As part of its commitment to achieve zero emissions by 2050, Michelin will work in association with Carbios to study methods for manufacturing environmentally friendly tires for the future, based on plastic bottle recycling as a key element for tire creation.
Carbios is a fully dedicated company to this sector (recycling), therefore, collaborating closely with the tire manufacturer will be essential to achieve the proposed objectives: Use PET plastics (from water bottles) for the manufacturing process. This component is oil-based and is the primary raw material for one of the main polyester fibers used in tires.
The main goal is to apply a recycling process called “enzymatic” developed by Carbios, to obtain PET fibers. This requires collecting polyester garments, plastic trays, water bottles or textile waste to depolymerize these materials and use them to manufacture tires.
According to its creators, the process will allow infinite plastic parts recycling, significantly contributing to build a sustainable ecosystem after removing them from garbage dumps, beaches, forests, and anywhere else where their decomposition caused by neglect affects the Earth.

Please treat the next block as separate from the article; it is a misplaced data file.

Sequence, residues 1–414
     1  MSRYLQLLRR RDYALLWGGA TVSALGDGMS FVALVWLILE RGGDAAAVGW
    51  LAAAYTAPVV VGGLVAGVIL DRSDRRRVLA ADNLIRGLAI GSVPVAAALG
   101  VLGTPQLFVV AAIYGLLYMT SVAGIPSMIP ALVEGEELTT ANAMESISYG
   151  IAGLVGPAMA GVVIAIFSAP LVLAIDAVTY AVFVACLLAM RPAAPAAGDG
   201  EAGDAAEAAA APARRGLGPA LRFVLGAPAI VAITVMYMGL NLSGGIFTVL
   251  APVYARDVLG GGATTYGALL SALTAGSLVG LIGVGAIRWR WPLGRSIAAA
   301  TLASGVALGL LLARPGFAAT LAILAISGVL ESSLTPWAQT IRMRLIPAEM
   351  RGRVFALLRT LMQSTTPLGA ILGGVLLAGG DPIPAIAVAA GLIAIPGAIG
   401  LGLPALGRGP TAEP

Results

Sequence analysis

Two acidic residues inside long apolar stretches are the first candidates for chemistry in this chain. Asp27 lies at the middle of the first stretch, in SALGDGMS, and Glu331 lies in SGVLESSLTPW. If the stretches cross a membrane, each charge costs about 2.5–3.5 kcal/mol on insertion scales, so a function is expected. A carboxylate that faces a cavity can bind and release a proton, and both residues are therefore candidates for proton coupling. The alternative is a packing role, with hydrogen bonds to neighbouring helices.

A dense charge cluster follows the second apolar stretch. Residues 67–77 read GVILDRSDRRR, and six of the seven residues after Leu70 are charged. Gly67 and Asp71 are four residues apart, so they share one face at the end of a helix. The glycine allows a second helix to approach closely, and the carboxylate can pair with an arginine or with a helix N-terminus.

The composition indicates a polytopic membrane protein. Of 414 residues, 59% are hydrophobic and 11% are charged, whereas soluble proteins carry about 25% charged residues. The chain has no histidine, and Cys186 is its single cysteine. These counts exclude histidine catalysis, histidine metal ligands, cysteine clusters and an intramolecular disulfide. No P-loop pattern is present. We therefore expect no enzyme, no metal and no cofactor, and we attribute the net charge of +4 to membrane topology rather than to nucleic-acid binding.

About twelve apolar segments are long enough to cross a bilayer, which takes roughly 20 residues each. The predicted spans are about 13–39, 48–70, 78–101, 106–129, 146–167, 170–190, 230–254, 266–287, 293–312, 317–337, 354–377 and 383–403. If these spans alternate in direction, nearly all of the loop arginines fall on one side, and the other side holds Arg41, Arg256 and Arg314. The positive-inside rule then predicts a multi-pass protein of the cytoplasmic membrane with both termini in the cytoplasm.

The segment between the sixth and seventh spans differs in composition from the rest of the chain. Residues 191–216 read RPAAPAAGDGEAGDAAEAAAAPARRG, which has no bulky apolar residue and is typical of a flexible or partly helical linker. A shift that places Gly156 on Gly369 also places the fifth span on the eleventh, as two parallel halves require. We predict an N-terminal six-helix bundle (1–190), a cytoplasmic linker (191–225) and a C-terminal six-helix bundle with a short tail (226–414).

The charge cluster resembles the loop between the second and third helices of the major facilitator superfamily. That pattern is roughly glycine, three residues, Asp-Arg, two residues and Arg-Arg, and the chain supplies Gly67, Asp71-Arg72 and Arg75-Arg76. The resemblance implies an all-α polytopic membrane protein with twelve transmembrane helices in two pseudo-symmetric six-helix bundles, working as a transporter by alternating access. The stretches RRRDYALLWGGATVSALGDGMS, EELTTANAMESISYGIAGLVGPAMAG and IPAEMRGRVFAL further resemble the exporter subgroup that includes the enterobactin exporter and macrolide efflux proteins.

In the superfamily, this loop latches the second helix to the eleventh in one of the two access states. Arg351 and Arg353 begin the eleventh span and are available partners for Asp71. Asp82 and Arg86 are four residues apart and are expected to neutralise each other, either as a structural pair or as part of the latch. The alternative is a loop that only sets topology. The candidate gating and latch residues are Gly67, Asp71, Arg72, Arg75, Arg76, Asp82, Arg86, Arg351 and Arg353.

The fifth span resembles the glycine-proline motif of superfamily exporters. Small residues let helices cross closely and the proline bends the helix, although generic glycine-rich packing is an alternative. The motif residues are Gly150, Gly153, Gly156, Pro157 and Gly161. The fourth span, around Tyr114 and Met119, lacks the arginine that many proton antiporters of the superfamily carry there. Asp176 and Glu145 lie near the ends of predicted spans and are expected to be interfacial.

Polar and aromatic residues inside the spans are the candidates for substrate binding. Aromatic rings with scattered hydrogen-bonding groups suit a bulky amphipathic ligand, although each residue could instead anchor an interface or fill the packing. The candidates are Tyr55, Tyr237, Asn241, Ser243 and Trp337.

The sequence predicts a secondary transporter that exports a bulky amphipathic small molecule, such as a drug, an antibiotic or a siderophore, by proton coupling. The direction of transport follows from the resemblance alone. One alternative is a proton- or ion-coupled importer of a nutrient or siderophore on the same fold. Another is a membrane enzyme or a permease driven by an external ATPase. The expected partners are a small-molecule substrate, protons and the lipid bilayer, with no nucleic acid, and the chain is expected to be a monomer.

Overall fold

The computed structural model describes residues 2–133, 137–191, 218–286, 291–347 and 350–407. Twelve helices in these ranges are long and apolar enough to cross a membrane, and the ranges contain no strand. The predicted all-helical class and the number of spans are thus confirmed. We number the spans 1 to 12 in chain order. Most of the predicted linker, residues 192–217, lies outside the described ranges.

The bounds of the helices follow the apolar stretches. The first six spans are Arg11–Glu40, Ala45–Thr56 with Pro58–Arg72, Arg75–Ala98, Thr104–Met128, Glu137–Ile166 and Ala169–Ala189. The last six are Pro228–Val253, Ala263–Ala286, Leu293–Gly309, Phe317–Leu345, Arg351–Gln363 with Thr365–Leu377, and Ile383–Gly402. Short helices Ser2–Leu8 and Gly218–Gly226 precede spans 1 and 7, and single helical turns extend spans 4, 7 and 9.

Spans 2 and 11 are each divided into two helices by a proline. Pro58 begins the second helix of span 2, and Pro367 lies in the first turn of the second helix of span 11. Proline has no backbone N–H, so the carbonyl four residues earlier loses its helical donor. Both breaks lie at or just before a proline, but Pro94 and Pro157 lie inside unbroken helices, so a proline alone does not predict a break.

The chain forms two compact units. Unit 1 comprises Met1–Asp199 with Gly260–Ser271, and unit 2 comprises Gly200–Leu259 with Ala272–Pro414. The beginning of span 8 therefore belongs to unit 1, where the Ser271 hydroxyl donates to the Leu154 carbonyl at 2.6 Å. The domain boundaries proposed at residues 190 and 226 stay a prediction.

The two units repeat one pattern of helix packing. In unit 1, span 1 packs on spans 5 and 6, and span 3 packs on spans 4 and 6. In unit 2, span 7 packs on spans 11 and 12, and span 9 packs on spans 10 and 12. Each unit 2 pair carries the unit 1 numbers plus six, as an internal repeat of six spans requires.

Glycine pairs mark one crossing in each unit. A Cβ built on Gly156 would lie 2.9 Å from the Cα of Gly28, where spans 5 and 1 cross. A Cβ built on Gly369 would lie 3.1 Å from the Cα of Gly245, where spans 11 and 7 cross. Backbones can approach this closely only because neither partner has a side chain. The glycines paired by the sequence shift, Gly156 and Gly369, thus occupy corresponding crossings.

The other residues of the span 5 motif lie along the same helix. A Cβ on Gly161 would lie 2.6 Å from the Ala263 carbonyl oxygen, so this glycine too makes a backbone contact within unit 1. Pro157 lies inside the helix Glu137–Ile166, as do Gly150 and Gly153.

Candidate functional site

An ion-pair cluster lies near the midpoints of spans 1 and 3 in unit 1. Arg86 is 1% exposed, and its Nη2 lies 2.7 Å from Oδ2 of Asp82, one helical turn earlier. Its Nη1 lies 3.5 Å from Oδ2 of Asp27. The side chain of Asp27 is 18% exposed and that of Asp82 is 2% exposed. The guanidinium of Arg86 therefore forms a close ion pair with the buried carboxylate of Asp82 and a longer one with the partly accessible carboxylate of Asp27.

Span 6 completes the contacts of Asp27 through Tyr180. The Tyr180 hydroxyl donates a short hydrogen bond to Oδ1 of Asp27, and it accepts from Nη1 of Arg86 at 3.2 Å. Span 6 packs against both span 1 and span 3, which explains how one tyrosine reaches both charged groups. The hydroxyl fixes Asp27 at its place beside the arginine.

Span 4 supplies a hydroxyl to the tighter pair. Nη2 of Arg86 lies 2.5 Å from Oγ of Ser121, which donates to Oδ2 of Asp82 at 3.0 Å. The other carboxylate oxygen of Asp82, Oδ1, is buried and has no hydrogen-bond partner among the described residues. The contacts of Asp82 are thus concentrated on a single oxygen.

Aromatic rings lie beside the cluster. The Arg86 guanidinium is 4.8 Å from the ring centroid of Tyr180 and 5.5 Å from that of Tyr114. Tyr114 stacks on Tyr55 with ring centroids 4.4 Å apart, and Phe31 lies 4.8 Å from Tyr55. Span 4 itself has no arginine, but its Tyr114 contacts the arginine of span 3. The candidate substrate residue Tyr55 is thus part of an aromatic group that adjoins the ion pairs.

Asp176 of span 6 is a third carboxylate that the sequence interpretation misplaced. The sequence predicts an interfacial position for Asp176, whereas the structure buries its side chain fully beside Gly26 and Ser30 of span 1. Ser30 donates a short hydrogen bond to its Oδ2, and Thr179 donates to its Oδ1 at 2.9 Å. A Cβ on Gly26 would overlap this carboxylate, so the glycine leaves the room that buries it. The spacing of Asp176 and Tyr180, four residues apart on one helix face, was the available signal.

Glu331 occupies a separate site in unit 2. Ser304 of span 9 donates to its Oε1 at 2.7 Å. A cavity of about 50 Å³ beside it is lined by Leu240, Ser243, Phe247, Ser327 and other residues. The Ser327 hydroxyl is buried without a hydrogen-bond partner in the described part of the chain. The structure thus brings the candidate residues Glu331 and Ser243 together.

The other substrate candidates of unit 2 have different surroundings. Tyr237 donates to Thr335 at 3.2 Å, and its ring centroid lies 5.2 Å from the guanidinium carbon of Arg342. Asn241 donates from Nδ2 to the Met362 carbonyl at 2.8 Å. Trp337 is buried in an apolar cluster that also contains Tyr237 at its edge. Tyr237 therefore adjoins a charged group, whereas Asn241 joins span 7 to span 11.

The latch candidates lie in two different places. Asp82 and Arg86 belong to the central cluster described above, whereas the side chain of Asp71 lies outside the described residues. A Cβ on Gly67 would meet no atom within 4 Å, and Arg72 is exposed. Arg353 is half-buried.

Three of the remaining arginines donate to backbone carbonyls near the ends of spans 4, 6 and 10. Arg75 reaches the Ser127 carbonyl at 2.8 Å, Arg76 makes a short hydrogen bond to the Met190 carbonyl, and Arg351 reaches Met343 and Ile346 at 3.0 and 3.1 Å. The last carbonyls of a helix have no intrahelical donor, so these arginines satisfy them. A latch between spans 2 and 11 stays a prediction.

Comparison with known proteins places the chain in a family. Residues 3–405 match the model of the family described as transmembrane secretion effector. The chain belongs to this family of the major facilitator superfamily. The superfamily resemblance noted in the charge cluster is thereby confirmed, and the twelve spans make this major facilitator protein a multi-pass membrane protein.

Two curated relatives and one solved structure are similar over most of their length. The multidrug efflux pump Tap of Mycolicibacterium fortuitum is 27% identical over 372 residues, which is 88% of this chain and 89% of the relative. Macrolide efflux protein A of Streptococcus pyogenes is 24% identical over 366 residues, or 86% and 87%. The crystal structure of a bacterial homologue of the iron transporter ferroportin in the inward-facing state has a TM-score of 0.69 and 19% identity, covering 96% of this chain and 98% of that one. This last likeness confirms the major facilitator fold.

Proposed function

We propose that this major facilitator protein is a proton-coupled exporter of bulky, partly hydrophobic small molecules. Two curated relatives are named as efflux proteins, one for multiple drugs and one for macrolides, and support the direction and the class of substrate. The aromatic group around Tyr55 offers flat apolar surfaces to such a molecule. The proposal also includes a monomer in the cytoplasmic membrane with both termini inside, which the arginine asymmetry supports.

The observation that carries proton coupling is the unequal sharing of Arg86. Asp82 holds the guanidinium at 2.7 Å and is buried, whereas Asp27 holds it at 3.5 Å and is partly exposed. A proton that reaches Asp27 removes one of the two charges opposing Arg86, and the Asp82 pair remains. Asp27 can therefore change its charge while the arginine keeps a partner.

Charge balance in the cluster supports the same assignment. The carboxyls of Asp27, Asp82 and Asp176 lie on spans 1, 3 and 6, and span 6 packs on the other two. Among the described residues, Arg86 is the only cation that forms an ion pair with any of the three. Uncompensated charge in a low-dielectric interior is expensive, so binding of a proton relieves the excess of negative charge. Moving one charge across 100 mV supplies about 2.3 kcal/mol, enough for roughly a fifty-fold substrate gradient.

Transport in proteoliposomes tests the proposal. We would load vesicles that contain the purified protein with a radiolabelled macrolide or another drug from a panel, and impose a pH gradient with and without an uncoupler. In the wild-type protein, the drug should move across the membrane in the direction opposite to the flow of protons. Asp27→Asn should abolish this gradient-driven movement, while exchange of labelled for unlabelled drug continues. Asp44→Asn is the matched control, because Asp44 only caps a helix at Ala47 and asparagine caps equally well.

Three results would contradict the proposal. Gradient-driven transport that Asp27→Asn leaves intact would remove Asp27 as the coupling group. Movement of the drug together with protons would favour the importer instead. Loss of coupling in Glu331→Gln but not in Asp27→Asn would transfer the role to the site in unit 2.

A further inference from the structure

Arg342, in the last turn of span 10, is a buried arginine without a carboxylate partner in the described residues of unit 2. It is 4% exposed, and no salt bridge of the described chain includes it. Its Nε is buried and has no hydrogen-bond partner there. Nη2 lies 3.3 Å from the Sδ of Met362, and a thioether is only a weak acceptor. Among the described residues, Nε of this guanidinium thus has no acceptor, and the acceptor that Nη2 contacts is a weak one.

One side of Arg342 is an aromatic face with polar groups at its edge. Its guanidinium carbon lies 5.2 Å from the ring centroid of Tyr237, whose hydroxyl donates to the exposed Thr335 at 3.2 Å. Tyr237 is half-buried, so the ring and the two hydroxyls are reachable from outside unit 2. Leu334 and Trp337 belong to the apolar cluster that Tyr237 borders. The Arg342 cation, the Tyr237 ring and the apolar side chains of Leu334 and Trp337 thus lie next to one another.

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The Michellin and Carbios Plan
This study has led to conclude that 100% recycled and recyclable materials can be obtained by applying the enzymatic process, which cannot be achieved by conventional recycling methods (thermo-mechanical for composite plastics).
The fiber is ideal for the tire manufacturing process due to the thermal stability it can provide, along with its perfect resistance, when compared to the primary PET obtained from petroleum. This process has convinced Michelin, which is set to increase its sustainable projections for 2050, marking a considerable footprint from 2030, when 40% of its tires will come from recycling.
“We are very proud to be the first to have made and tested technical fibers for use in tires, as well as bottle-derived reinforcements, using technology from our partners at Carbios. These high-tech materials have proven their capability for offering identical performance to those obtained from petroleum resources,” said Nicolas Seeboth, Director of Polymer Research at Michelin.
Written by | Ronald Ortega